LONDON – Fabless chip company Icera Inc. has announced it is sampling the latest chip set and software in its Espresso series of platforms targeted at HSPA+ smartphones.
The Espresso 450 comprises Icera's latest baseband and RF ICs and delivers quad band HSPA+ up to 28-Mbps together with full quad band 2G/3G voice support functions in a packaged footprint of 700 square millimeters. Espresso 450 includes a radio interface layer for the Android operating system.
"Icera has evolved quickly from its start-up phase to being established now as one of only two major vendors in the data-intensive mobile broadband chipset market, with Icera being famous for continuously offering the world's highest performing chipsets," said Stan Boland, president and CEO of Icera (Bristol, England), in a statement.
Espresso 450 uses the ICE9225 multi-mode transceiver chip and the Livanto ICE8065 soft baseband processor. The ICE9225 radio is implemented in low power 65-nm CMOS technology. The ICE8065 is implemented in 40-nm CMOS and is the soft baseband that runs all of the modem physical layer, protocol stack, voice codecs, echo cancellation, noise reduction and equalization in software.
Icera is engaged with leading application processor partners on pre-integration of the Espresso 450 platform with the latest application processor platforms to accelerate the fast design of complete smartphones. Samples of first phones using Espresso 450 are expected to ship late in 2011.
Espresso 450 is an RF module that can be used in cell phones for implementing RF Section of the Cell Phone, this will be finding a very good applications in the small scale manufactures as it has got interface for Android.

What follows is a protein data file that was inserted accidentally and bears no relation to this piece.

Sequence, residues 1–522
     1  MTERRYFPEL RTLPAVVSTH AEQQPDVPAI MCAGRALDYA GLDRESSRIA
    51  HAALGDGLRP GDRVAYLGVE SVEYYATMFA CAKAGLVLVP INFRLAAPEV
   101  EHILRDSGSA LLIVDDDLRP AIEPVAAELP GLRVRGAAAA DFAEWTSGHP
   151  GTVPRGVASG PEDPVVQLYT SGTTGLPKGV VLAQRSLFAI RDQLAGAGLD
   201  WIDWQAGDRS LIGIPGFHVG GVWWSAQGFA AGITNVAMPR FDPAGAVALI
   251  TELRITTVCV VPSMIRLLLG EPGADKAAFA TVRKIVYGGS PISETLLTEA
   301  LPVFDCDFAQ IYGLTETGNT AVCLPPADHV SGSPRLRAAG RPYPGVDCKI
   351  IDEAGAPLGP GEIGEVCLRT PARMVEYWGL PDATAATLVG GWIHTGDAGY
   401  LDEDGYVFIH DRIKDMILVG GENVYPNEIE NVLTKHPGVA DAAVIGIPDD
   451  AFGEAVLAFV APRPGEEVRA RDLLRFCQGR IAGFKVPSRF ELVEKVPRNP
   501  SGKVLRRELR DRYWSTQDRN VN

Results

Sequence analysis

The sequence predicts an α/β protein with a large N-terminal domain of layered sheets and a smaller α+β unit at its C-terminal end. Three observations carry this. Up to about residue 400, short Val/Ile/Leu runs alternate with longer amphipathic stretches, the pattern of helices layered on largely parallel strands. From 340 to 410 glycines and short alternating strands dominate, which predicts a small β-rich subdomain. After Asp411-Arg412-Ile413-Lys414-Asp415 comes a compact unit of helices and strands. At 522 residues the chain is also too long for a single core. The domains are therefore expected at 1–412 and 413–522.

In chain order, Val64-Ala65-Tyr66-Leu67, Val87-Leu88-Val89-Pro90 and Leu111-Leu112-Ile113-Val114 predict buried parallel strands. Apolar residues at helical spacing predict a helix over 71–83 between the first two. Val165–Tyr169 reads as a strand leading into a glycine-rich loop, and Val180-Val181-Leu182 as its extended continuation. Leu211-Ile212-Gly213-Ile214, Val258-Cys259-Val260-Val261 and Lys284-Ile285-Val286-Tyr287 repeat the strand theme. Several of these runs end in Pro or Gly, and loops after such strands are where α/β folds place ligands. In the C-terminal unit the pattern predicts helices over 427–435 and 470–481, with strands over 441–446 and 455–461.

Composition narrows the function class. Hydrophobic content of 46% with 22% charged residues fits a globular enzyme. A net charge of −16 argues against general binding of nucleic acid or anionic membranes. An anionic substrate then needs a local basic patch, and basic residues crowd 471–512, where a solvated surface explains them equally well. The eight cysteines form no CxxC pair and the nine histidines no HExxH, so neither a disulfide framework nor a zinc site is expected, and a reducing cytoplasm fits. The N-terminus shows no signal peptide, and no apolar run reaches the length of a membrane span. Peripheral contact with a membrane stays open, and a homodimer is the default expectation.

The article is still wrong unfortunately. 700mm2 is the PCB footprint, not the packaging footprint! The platform includes a a 7x7 baseband, a 6x6 radio, and a PMIC with a very small wafer level package. That means the total packaging footprint is less than 100mm˛. That's a 3-chip solution whereas Infineon/ST-Ericsson have 2-chip solutions, but at least in Infineon's case that's just stacking the PMIC on the baseband which I fail to see how it would provide a cost benefit versus a WLP PMIC.
The remaining 600mm2 of PCB footprint is taken by power amplifiers, memory, and passive components. I honestly don't know why Icera even bothered providing that number because it's both slightly confusing (as Peter's misunderstanding highlights) and rarely comparable to anything else because you can optimise more for area at the detriment of cost or other metrics.
The Option GTM501 module with Icera's 65nm baseband and 130nm RF chip took only 750mm2, so with Espresso 450 and a similar level of area optimisation and DRAM stacking I wouldn't be surprised if 400mm2 was possible in theory.
Anyway the big news here is that Icera finally has a voice certified platform and they have reference platforms with multiple application processor vendors. The phrasing of the press release is rather vague, but I assume they're going to show ODM phones at MWC (that carriers will pick up and self-brand) and try to win more major phone OEMs. Let's wait and see how that goes...
David Patterson, known for his pioneering research that led to RAID, clusters and more, is part of a team at UC Berkeley that recently made its RISC-V processor architecture an open source hardware offering. We talk with Patterson and one of his colleagues behind the effort about the opportunities they see, what new kinds of designs they hope to enable and what it means for today’s commercial processor giants such as Intel, ARM and Imagination Technologies.